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I have string that I want to chop to array of substrings of given length n. I am not interested in remainder (if length of string cannot be divided by n without remainder)

let ChopString (myString : string) n = 
    let res = 
        seq{ 
            for i = 0 to myString.Length / n - 1 do
                yield( String.sub myString (i*n) n )
            }    
        |> Seq.to_array
    res

This is the best I could do. It looks ugly to me.

Is there nicer/shorter version of this, maybe without for loop?

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Do you need to break nicely on word boundries? From your sample code I'd guess "no", but I want to be sure. –  Joel Coehoorn Dec 29 '08 at 19:04
    
No, I just want to split string to substrings of given length, starting on the beginning of the string - don't care about contents, don't care about any remainder that is shorter than given substring length –  zendar Dec 30 '08 at 1:58
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2 Answers

up vote 6 down vote accepted

stringInstance.[start..end] is much more readable than String.sub. Here's what I came up with:


let chop (input : string) len = 
    seq { for start in 0 .. len .. input.Length / len
        do yield input.[start..start + len - 1] }
    |> Seq.to_array

Or you can use:


let chop (input : string) len = 
    Array.init (input.Length / len) (fun index ->
        let start = index * len
        input.[start..start + len - 1])
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I like second one more, no loop, no yield, function for initialization. Although intervention on my example is also nice - looks more readable. –  zendar Dec 29 '08 at 23:01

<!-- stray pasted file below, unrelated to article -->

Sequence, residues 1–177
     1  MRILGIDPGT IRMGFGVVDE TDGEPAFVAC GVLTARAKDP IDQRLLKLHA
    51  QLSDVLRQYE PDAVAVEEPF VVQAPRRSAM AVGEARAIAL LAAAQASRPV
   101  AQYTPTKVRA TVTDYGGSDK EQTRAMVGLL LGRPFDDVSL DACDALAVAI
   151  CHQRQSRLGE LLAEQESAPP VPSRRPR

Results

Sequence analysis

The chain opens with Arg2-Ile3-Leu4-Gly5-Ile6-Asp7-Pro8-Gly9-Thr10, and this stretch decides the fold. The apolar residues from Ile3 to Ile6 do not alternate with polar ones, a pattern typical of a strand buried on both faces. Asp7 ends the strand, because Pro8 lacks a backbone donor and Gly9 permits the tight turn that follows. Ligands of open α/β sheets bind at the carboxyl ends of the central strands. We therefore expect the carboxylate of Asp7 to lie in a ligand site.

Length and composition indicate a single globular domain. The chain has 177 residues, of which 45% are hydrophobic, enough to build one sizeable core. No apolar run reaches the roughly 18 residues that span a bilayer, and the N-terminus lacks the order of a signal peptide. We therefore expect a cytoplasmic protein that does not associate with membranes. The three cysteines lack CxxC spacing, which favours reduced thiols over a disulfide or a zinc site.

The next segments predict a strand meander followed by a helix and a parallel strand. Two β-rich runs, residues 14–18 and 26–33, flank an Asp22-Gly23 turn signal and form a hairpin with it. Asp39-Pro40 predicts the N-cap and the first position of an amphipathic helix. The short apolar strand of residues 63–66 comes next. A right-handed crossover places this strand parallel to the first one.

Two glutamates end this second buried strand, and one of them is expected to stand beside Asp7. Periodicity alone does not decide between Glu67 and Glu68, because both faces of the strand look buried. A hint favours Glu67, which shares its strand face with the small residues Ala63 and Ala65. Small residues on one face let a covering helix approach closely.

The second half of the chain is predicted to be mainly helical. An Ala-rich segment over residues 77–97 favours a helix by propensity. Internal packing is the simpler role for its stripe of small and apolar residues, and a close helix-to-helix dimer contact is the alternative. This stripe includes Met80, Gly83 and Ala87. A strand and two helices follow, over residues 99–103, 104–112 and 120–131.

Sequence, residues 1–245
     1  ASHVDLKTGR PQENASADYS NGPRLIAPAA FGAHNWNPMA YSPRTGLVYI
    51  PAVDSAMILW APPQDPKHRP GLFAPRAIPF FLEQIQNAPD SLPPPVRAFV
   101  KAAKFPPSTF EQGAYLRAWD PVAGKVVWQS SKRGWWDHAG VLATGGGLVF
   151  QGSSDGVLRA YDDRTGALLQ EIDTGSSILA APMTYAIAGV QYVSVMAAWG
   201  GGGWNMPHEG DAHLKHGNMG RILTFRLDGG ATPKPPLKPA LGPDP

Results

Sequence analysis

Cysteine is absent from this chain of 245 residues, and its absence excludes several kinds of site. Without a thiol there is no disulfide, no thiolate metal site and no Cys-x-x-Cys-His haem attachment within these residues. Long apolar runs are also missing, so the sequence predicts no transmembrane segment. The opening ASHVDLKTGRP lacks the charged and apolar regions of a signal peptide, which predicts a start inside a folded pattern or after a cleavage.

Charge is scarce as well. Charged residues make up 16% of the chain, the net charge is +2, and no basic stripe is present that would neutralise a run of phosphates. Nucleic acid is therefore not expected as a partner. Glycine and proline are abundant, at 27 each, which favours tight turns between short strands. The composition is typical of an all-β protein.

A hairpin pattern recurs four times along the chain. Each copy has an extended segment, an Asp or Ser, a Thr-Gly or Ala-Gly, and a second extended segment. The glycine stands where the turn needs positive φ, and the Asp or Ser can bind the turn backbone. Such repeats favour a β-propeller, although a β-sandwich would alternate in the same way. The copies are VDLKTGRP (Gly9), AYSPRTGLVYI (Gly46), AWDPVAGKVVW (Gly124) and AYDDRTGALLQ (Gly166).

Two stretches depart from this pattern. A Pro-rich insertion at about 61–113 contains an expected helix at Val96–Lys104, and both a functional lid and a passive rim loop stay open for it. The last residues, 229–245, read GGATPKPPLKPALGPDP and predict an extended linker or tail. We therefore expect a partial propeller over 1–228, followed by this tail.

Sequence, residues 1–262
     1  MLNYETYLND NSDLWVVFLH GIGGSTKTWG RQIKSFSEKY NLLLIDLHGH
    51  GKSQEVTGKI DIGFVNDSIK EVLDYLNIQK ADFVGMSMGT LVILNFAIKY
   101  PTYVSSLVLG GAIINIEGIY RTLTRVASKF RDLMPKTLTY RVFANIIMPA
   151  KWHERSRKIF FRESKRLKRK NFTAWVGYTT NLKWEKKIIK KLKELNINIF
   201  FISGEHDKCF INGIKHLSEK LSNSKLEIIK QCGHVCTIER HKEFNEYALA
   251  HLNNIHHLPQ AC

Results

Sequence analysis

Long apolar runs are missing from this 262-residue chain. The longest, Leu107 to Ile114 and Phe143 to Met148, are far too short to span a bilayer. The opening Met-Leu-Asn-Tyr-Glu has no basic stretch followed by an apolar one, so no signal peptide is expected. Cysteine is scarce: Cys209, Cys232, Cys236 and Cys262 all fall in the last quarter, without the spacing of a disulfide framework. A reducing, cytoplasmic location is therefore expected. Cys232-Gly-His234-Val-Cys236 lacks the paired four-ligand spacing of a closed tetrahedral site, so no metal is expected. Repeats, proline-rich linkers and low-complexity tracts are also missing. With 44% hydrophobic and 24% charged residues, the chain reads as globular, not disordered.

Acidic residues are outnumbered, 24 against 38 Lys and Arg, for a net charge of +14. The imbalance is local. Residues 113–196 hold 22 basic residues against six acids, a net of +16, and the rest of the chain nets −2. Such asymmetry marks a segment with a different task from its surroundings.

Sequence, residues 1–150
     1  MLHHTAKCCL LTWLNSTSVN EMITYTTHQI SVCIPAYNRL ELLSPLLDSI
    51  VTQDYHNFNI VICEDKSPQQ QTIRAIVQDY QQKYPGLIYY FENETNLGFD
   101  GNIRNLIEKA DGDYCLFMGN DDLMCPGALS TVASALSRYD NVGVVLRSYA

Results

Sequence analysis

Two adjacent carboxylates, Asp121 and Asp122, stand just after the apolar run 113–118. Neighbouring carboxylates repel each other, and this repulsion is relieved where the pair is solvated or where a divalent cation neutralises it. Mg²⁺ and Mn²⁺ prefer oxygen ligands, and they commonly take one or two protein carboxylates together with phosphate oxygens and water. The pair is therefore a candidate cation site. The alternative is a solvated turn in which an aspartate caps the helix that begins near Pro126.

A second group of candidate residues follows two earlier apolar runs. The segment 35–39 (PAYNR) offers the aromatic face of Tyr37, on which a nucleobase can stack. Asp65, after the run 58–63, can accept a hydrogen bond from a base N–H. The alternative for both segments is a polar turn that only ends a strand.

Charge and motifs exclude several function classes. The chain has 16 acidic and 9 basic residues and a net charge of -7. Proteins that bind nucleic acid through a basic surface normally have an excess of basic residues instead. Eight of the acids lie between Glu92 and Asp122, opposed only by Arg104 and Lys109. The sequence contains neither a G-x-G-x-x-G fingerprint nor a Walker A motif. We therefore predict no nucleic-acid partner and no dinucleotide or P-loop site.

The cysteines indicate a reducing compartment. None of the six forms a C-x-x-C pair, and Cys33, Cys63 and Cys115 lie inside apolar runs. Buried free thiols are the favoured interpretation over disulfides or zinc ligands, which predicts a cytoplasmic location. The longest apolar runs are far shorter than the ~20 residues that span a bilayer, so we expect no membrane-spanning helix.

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Craig Stunz left answer here that is now missing. Anyway, he pointed to article about F# that have two functions for string manipulation: explode and implode. These two functions are from standard ML library. Here's the code:

let rec explode str = 
       let len = String.length str in
           if len=0 then [] else 
              (String.sub str 0 1) :: explode (String.sub str 1 (len-1)) 

let rec implode lst = match lst with
                         []  -> ""
                       | x1 :: x2 -> x1 ^ implode x2

explode chops string into string list where each string is one character.
implode does opposite - concatenates string list into one string.
Both functions are recursive, so it would be interesting to compare performance.

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